During the last few weeks, I’ve also learned what it means to be present in a community.  It’s not quite as hard as I once thought to get to shul on time in the morning… and having to get up to go to shul to say kaddish also means having to get up to go to shul for kaddish.  Being present every day means seeing faces grow more familiar (even through a mechitza), developing friendships based on consistent social capital and gaining an understanding of the rhythms, the customs and the needs of the community on a deeper level than shabbat attendance and email bulletins.  

I have plenty more to learn, and I know this year will be a revelation on many levels, but I hope that these lessons will stay with me - to be present and to try to take away pain.  I would ask that if we can all take on one goal in my father’s memory that it be one of these.  Number one: to please make an effort to be present wherever you are - show up to spend time with loved ones and really engage during the time you are together and Number two: to try to take away pain by doing something that will make someone else’s life a little easier.  

As Rosh Hashana approaches, it will be a comfort to me and my family to know that there is some extra goodness spreading around in this world that no longer has my father in it.  

On Friday morning, Allen Katz spoke about yesterday morning’s Torah Reading, where Hashem told Moshe that his days were coming to an end, but his teachings would remain with the people forever.  I have learned so much from the lessons my father taught me and from observing the person that he was, and now, with these glimpses of the picture on the face of his needlepoint, I have never been more proud to be my father's daughter.

Goals of this Blog

I am writing this blog to serve 3 purposes:
  1. Help me process the multitude of emotions and experiences of the shiva week, the shloshim and beyond.
  2. Share some of the unexpected parts of mourning so others in this position can prepare (where there is warning*) or find comaraderie after the fact in company with others who may have encountered similar experiences.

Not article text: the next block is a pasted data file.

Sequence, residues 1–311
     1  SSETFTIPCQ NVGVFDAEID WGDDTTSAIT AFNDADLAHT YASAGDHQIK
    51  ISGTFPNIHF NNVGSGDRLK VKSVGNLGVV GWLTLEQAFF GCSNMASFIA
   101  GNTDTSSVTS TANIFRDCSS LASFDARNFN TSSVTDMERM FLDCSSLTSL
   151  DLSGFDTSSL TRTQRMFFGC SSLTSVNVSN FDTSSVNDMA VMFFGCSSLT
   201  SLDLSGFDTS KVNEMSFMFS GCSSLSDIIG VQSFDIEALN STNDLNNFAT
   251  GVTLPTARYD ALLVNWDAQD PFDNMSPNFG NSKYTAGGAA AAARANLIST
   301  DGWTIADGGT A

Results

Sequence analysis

3. Assist clergy and well wishers in their attempts to comfort the bereaved and guide them through the process.

I am not a rabbi or any type of halachic authority, but an educator who is trained to reflect.  These writings are in no way binding, and may not represent all approaches to and experiences in navigating grief.  In fact, there will likely be those who disagree with me or can offer additional suggestions and reflections.  For this reason, I am leaving the comments section open so that together as a community, we can broaden the scope of this blog to include a majority of human experience.

One important request: Please be respectful in posting your comments and be sure to frame your tips in the most positive phrasing possible.  I reserve the right to delete any unkind comments and plan to update the original posts occasionally to include additional insights and reflections from our combined experience.

With hope and prayer that these writings will serve as a source of comfort and aid to others, I write in the memory of my beloved father, Maury Fechter (Mordechai Yosef ben Shmuel), a kind, humble and generous soul who dedicated his personal and professional life to alleviating pain wherever possible.  May his neshama have an aliyah and may we continue to bring nachas to his memory.

Please look for these clues to assist in navigating to relevant posts. The search feature will also be enabled to identify terms such as ("clergy," "friend," "first days," "tribute" to my father, "reflections," "kaddish," "mourner," etc.):

* tips relating to the first days of mourning, relates to funeral and other surprises.
^ advice for clergy in assisting mourners through their process - non-halachic reminders that would be a great help
~ what friends can do (read also the * so you can advise the mourner)